50 Liverpool Street London EC2M 7PY Covering London Central, City, Docklands, London West End, Shoreditch, Stratford, Hackney, and surrounding areas.
Cornwallis House Howard’s Chase Basildon Essex SS14 3BB Covering Basildon, Southend, Shoeburyness, Brentwood, Billericay, Chelmsford, Thurrock, Lakeside and surrounding areas
Copyright 2015 DGT Technology Ltd Privacy Policy About us
0208 819 1360

Do you have one of these 5

passwords?

There were over 2.5 million cyber crime offences such as computer hacking, committed in the UK last year alone and the number of attacks increases exponentially on a daily basis. You would think then, with cyber crime being so prevalent – that we would all be extra careful when it comes to cyber security… after all – if you lived in a neighbourhood with a chronically high crime rate, you wouldn’t think of leaving the door to your house wide open or leaving your keys in the car.

12345, Qwerty, password…

Yet for some reason, the cyber security message seems to be very slow at getting through. SplashData, which collates passwords from data breaches in America and Western Europe to build samples, said "123456" was, for the fifth year running, the most common password. Qwerty also made the top 5 as did the word ‘password’, the sequence 12345678 and the sequence 12345. Other popular examples were login, welcome, football, abc123 and passw0rd.

Everyone is at risk

The sad fact is, there’s a common misconception that hacking only happens to people of importance, of significant wealth or of deep seated stupidity. Organisations are only targeted if they are government- based, incredibly large or incredibly wealthy. The reality though is that almost everyone in the country will at some time or other in their lives, be the victim of cyber crime at least once. It doesn’t matter if you’re rich or poor, if you’re a 2-man start-up or a multi-national corporate… you will be targeted and unless you make significant efforts to protect yourself – cyber criminals will be successful in getting what they want from you.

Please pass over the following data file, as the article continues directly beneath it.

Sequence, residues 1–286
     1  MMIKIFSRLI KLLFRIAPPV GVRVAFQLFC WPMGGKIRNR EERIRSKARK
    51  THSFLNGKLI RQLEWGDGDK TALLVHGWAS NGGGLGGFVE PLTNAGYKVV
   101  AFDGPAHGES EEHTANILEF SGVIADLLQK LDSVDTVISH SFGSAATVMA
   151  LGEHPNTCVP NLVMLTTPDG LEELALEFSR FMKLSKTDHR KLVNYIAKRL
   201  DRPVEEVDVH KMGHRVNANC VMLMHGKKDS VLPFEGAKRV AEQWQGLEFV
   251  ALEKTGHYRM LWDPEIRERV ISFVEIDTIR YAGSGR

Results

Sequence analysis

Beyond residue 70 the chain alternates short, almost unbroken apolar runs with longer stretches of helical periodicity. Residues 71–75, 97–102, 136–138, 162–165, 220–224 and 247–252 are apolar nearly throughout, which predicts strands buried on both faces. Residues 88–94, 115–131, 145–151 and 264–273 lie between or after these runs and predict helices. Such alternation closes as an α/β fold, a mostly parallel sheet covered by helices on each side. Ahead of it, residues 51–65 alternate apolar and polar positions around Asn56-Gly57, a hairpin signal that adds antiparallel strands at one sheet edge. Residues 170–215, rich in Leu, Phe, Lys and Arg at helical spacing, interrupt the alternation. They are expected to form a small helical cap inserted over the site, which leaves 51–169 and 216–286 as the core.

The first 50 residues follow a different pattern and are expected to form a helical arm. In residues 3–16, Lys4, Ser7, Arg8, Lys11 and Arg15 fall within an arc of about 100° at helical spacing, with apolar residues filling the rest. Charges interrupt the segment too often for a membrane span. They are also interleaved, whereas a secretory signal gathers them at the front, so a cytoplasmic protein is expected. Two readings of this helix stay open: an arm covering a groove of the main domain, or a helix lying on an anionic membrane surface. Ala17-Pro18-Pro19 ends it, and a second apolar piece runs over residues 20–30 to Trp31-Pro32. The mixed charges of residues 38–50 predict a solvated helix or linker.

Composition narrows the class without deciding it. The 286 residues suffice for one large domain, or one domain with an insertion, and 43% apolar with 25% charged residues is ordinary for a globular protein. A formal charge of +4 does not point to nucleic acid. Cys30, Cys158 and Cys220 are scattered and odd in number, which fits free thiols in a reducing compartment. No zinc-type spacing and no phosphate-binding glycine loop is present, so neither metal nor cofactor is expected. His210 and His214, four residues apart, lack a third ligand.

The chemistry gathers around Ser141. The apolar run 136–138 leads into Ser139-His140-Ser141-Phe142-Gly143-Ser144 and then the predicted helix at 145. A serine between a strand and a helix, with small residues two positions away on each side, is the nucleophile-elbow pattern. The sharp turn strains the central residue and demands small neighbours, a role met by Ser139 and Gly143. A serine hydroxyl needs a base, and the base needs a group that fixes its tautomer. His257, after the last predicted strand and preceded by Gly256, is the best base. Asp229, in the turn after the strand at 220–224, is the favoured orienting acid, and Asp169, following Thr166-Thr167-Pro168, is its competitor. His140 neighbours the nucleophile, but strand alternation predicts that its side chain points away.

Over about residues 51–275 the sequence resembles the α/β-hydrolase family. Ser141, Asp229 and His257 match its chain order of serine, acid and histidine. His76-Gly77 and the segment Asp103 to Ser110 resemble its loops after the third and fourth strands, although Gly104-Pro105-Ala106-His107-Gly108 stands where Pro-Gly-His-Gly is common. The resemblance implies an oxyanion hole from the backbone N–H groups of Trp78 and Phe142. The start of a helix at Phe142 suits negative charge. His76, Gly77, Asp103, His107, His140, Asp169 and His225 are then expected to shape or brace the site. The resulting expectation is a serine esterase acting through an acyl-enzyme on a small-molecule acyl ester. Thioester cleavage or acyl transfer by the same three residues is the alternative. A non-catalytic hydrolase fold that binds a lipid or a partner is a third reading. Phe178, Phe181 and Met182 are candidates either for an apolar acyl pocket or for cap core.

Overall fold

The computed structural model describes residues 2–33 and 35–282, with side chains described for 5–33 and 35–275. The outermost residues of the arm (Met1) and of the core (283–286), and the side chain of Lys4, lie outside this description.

10 tips for a strong password

Having a strong password is the first basic step in protecting yourself so we’ve put together some top tips to help you choose something appropriate. 1. Make sure you use a mix of alphabetical and numeric characters 2. Password are case sensitive so use a mixture of upper and lowercase 3. If the system allows it, use symbols (spaces shouldn’t be used as some applications may trim them away) 4. Try using a short phrase with all of the vowels missing 5. Replace all the vowels in a word with symbols 6. Use the first letters of the words from the line of a song or a memorably sentence with symbols thrown in 7. Never reuse a password and don’t have the same password across all of your accounts 8. Use a password generator from a reputable source such as Norton and store them in a password safe 9. Use two-factor authentication – this is available on many apps and requires a secondary pin code which is sent via text or email. 10. Most importantly – if you go to all of the hard work of choosing a strong password, don’t go away from your computer and leave it unlocked. Poor cyber security standards in your organisation, whatever it’s size can be fatal. To learn more about how you can protect yourself and to book a free IT health check, contact DGT Technology today on 0208 819 1360.